In the Hindu religion, prayers are an extremely integral aspect to daily life. Hindu people attribute every organic substance as an embodiment of God, and as such, we should give thanks as much as we can. The informant, D, asked his religious father, M, about a set of prayers he remembers having to memorize as a child but since then has forgotten. These three prayers are some of the most central to the daily prayers a devout Hindu can practice, called the Trikal Sandhya. These three prayers seek to answer why we wake up in the morning, how we digest food, and how we sleep at night.

 

This particular entry seeks to answer how we sleep at night:

 

Original:

Krushnaya Vasudevaya Haraye paramatmane. Pranat klesh nashaya Govindaya namo namah

Kara charan krutam vak-kayajam karmajam va shravana nayanajam va, manasam va aparadhum vihitas avihitamva me tat kshamasva jaya jaya karunabdhe shree Mahadeva Shambho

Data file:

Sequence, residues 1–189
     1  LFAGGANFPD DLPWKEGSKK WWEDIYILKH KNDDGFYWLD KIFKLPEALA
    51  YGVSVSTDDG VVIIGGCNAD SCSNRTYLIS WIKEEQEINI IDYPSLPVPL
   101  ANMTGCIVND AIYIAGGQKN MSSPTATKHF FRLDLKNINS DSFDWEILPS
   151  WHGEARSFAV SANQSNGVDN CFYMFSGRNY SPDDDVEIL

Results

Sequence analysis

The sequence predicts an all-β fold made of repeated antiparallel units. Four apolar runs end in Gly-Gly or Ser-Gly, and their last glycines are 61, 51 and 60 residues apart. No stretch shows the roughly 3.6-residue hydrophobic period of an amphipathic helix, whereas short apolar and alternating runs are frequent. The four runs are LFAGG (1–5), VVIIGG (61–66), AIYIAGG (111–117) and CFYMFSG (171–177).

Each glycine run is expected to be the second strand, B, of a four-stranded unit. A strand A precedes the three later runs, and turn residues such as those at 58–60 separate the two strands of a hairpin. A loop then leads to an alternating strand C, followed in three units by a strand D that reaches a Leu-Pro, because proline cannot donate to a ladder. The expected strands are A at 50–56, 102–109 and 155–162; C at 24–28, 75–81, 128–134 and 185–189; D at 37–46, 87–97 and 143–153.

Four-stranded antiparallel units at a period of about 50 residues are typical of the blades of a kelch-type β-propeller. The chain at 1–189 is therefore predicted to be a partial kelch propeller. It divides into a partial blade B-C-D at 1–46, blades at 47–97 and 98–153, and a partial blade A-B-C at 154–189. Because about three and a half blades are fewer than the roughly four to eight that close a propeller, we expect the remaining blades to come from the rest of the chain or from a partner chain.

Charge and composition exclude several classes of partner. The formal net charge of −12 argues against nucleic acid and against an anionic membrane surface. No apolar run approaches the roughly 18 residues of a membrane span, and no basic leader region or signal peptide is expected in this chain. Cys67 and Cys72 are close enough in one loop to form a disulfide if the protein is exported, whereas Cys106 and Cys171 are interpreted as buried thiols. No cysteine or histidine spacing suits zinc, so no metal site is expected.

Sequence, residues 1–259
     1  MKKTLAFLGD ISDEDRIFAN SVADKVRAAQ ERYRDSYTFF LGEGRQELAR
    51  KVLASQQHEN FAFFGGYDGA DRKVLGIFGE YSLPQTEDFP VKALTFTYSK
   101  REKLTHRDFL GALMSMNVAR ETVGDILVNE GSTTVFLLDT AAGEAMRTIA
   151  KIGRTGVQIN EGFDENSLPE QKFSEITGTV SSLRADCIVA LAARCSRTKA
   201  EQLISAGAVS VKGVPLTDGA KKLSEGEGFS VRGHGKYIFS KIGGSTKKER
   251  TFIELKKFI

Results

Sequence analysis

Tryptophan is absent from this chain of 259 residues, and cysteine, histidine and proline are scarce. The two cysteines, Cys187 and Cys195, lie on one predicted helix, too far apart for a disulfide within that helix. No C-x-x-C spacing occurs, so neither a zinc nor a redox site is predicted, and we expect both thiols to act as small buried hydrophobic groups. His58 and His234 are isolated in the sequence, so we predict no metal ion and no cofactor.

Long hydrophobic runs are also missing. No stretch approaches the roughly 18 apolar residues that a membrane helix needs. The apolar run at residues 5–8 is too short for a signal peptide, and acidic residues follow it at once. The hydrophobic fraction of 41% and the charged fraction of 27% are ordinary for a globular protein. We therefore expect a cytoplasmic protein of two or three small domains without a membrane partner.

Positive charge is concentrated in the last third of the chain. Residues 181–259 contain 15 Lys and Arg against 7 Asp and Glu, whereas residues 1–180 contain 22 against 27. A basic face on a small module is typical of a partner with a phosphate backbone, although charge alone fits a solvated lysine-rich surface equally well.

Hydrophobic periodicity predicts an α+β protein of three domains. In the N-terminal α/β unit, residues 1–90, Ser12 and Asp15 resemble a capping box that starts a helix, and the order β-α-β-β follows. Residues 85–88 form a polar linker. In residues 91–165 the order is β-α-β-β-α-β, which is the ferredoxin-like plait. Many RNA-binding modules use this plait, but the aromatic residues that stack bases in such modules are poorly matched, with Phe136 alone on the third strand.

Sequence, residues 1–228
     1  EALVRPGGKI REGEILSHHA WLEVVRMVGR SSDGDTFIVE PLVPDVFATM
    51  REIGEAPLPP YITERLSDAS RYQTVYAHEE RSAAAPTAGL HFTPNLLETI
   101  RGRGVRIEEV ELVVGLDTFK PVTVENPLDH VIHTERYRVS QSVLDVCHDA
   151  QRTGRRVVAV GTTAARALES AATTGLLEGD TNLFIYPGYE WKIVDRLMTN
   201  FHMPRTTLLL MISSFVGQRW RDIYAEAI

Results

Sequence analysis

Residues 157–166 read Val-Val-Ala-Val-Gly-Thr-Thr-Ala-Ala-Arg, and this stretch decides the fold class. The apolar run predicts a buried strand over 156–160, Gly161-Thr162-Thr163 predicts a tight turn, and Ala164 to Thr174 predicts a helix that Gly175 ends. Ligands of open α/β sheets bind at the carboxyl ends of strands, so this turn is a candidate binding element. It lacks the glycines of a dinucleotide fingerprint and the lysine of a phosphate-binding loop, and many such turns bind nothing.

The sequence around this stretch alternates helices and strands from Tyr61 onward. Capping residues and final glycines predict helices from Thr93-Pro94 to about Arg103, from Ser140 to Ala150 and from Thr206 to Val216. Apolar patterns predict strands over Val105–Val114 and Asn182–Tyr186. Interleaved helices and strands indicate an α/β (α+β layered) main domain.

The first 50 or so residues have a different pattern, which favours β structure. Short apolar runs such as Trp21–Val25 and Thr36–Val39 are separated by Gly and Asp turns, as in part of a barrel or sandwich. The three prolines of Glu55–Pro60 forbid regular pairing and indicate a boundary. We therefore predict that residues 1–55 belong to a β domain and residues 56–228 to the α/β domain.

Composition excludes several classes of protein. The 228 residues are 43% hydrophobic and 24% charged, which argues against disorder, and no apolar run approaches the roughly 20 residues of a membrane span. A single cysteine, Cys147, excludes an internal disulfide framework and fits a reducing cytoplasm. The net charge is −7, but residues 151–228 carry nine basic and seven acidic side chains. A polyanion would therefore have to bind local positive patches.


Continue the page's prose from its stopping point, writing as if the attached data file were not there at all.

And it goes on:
Tvameva mata cha pita tvameva. Tvameva bandhus cha sakha tvameva. Tvameva vidya dravinam tvameva. Tvameva sarvam mama deva deva.

Translated:

I bow and pray Lord Krishna, son of Vasudeva, who takes away sorrows, sufferings, pain and troubles.

O! Benevolent Mahadev; please, forgive me if I did anything wrong, knowingly or unknowingly, by hands, by legs, by speech, by body, by working, by ears, by eyes or by mind. Let be Your victory.

O! God! You are my mother, You are my father, You are my brother, You are my friend, You are my knowledge, You are my wealth, You are everything to me.

My thoughts: While I am not especially religious anymore, I can appreciate the mindset behind these prayers. Hindus see that the act of getting sleep and restoring energy is a God-sent process.

 

Folk Beliefs
Rituals, festivals, holidays

How Do We Digest Food?